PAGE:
On April 25, 2011, whistleblower organization WikiLeaks published formerly secret assessments drafted by Joint Task Force Guantanamo analysts.[13][14] His two-page Joint Task Force Guantanamo assessment was drafted on June 27, 2004.[4] It was signed by camp commandant Jay W. Hood. He recommended release, due to Lotfi's serious health problems, but noted the Criminal Investigative Task Force regarded him as a high risk.

Cleared for release by the Guantanamo Joint Task Force[edit]

President Barack Obama enacted three Executive Orders pertaining to Guantanamo on the day he took office.[6] Executive Order 13492 established the Guantanamo Joint Task Force, which established a new review process for the remaining captive, one where those reviewing their status were senior officials representing several cabinet departments, including the Department of State, the Department of Homeland Security, the Department of Justice, and the Office of the Director of National Intelligence. Lotfi was cleared, yet again, by his review.

Transfer to Kazakhstan[edit]

On December 30, 2014, Lotfi and four other men were transferred to Kazakhstan, where they were kept under onerous security conditions.[15][16][17] The four other men were Asim Thahit Abdullah al Khalaqi, Adel al-Hakeemy, Muhammad Ali Husayn Khanayna and Sabri Mohammed Ebrahim Al Qurashi.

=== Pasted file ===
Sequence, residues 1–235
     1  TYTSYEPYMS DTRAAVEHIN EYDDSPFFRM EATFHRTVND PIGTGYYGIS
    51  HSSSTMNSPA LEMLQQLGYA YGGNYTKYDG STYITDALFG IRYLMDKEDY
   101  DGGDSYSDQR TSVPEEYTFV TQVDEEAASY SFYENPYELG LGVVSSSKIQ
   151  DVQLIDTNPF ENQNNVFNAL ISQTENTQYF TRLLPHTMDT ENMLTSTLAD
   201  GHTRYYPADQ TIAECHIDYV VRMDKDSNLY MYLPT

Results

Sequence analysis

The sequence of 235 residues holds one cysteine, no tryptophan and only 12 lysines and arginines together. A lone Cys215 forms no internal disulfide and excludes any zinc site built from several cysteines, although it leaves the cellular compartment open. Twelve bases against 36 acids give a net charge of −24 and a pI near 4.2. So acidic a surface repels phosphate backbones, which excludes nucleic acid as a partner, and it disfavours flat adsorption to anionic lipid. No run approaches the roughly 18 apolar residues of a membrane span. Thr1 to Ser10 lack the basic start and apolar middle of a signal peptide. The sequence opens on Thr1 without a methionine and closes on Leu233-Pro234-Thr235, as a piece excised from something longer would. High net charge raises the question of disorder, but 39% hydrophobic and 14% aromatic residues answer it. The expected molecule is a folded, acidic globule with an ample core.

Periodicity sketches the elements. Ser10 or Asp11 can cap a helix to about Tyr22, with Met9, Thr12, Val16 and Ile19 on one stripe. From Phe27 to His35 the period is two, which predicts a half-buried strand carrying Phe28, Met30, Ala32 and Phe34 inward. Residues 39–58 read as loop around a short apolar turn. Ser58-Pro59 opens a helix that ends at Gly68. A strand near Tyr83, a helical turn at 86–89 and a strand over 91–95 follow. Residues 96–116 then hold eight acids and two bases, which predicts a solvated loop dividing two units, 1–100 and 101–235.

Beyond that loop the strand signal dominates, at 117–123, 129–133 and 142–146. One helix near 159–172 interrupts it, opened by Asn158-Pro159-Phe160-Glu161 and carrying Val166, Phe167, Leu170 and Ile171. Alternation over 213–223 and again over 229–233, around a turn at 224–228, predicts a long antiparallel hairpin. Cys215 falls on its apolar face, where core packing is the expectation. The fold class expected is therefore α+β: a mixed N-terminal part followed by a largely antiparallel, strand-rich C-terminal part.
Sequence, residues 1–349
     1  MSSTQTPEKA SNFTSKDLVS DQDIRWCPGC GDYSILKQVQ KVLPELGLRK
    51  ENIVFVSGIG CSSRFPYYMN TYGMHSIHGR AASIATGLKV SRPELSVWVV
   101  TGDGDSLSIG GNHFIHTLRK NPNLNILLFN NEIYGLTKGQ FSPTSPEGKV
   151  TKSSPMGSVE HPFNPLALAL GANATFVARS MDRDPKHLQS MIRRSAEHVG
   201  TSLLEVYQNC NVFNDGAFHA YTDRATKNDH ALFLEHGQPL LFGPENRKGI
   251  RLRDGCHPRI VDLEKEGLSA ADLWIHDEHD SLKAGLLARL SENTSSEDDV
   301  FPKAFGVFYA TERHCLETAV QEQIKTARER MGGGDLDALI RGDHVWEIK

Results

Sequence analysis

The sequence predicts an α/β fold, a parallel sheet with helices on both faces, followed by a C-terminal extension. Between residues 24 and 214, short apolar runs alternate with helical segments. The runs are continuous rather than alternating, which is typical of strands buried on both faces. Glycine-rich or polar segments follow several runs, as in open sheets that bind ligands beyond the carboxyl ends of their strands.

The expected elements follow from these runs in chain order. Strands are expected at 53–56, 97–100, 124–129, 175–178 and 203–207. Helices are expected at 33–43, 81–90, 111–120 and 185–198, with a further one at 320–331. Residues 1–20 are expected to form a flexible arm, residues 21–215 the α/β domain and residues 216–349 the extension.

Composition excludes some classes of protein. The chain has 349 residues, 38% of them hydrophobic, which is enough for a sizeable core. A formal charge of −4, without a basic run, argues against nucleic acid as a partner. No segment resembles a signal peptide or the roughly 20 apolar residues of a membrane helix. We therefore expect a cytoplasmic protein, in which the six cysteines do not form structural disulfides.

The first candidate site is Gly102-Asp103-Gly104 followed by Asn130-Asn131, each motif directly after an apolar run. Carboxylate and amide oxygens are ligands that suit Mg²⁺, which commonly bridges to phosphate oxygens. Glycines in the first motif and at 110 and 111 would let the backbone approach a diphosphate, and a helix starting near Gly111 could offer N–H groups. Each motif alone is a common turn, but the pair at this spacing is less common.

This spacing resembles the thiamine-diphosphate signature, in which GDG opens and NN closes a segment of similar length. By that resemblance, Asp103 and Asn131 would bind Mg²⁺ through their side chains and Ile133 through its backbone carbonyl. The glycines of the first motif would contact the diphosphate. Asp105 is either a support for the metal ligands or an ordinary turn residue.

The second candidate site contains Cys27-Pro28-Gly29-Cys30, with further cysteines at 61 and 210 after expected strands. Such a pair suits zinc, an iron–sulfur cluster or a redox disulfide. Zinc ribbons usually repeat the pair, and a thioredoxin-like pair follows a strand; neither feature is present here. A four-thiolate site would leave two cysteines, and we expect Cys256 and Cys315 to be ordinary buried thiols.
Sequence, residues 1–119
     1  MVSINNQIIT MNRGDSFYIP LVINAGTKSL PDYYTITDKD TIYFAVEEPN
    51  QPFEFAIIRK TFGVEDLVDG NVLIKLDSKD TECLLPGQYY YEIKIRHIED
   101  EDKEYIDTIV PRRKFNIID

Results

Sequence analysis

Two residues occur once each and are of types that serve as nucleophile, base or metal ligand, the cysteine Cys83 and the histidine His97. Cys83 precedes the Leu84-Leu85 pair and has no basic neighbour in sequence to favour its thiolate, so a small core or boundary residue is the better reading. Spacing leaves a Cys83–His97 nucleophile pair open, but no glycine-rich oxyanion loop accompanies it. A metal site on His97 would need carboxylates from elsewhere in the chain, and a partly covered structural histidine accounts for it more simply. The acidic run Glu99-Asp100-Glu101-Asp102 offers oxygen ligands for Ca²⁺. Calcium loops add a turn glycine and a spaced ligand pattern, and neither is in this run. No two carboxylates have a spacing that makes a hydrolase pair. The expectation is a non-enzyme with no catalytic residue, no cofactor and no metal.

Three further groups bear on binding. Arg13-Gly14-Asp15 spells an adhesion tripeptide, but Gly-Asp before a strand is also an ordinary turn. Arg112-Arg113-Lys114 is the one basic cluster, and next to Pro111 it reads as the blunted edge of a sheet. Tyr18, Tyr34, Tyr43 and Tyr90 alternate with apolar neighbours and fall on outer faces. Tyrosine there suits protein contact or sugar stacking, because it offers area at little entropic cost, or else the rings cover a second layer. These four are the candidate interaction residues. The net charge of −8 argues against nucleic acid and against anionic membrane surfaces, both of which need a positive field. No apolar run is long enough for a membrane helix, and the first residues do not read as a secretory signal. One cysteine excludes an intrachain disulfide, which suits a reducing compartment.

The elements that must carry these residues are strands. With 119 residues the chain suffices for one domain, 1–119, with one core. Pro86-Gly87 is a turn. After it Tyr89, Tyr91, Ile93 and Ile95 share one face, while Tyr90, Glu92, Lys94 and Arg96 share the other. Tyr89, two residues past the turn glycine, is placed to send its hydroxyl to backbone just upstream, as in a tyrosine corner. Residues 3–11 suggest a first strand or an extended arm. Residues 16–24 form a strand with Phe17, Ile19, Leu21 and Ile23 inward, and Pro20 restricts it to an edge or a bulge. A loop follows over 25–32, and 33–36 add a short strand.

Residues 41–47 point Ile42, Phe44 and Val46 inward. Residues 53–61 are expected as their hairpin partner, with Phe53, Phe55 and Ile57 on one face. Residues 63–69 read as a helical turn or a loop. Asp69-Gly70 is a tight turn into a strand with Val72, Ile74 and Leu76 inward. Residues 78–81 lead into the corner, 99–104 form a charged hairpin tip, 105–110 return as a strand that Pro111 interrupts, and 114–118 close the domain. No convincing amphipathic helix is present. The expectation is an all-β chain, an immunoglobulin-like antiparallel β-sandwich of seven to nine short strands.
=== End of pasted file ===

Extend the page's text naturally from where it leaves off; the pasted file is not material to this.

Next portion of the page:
Kazakhstan security officials routinely enter the men's homes, without a warrant.[16]

References[edit]

  1. ^ OARDEC. "List of Individuals Detained by the Department of Defense at Guantanamo Bay, Cuba from January 2002 through May 15, 2006" (PDF). United States Department of Defense. Retrieved 2006-05-15. 
  2. ^ Margot Williams (2008-11-03). "Guantanamo Docket: Lotfi Bin Ali". New York Times. Retrieved 2016-07-09. 
  3. ^ Shaun Walker (2016-09-30). "'Here I have nobody': life in a strange country may be worse than Guantánamo". The Guardian. Retrieved 2016-10-06. Lonely and isolated in the Kazakh steppe, the 51-year-old Tunisian has found life since his release from Guantánamo no easier than life inside. 
  4. ^ a b "Abdullah Bin Ali Al Lutfi: Guantanamo Bay detainee file on Abdullah Bin Ali Al Lutfi, US9TS-000894DP, passed to the Telegraph by Wikileaks". The Telegraph (UK). 2011-04-27. Retrieved 2016-07-09. 
  5. ^ Diana Cariboni; Raya Jalabi; Jonathan Watts (2015-05-22). "Former Guantánamo detainee dies in Kazakhstan six months after release". The Guardian. Retrieved 2016-10-06. The most seriously ill of the group sent to Kazakhstan is Tunisian Abdullah Bin Ali al-Lutfi, who has a mechanical heart valve and suffers from chronic heart rhythm, kidney stones and high blood pressure. He is 49 years old. 
  6. ^ a b Andy Worthington (2012-10-25). "Who Are the 55 Cleared Guantánamo Prisoners on the List Released by the Obama Administration?". Retrieved 2016-10-06. Noticeably, one of these men, Mohammed Abdul Rahman (also known as Lotfi bin Ali), who was first cleared in 2004, is also ill, as I explained in the report on the 40 cleared prisoners in June... 
  7. ^ "The DoD published captives' weights in 2007 -- ISN 839-ISN 1011" (PDF). JTF-GTMO. Retrieved 2016-10-06.